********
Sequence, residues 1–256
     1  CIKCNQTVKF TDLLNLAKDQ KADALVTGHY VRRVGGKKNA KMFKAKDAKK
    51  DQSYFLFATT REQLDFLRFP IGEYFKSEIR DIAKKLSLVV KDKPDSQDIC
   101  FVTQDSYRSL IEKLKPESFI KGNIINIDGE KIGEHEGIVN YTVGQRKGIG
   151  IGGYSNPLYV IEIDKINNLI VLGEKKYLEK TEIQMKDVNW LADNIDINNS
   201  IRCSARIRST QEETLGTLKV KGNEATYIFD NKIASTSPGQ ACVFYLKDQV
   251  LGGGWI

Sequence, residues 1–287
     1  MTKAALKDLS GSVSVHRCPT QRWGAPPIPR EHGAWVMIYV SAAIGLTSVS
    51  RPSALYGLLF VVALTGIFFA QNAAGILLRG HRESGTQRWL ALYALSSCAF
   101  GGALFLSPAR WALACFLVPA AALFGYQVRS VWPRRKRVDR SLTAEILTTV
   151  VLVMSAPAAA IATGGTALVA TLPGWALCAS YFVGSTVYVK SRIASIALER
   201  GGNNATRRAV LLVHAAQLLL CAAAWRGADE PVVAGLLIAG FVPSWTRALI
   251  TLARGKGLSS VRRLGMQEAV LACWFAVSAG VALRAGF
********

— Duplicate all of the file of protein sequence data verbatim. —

Sequence, residues 1–256
     1  CIKCNQTVKF TDLLNLAKDQ KADALVTGHY VRRVGGKKNA KMFKAKDAKK
    51  DQSYFLFATT REQLDFLRFP IGEYFKSEIR DIAKKLSLVV KDKPDSQDIC
   101  FVTQDSYRSL IEKLKPESFI KGNIINIDGE KIGEHEGIVN YTVGQRKGIG
   151  IGGYSNPLYV IEIDKINNLI VLGEKKYLEK TEIQMKDVNW LADNIDINNS
   201  IRCSARIRST QEETLGTLKV KGNEATYIFD NKIASTSPGQ ACVFYLKDQV
   251  LGGGWI

Sequence, residues 1–287
     1  MTKAALKDLS GSVSVHRCPT QRWGAPPIPR EHGAWVMIYV SAAIGLTSVS
    51  RPSALYGLLF VVALTGIFFA QNAAGILLRG HRESGTQRWL ALYALSSCAF
   101  GGALFLSPAR WALACFLVPA AALFGYQVRS VWPRRKRVDR SLTAEILTTV
   151  VLVMSAPAAA IATGGTALVA TLPGWALCAS YFVGSTVYVK SRIASIALER
   201  GGNNATRRAV LLVHAAQLLL CAAAWRGADE PVVAGLLIAG FVPSWTRALI
   251  TLARGKGLSS VRRLGMQEAV LACWFAVSAG VALRAGF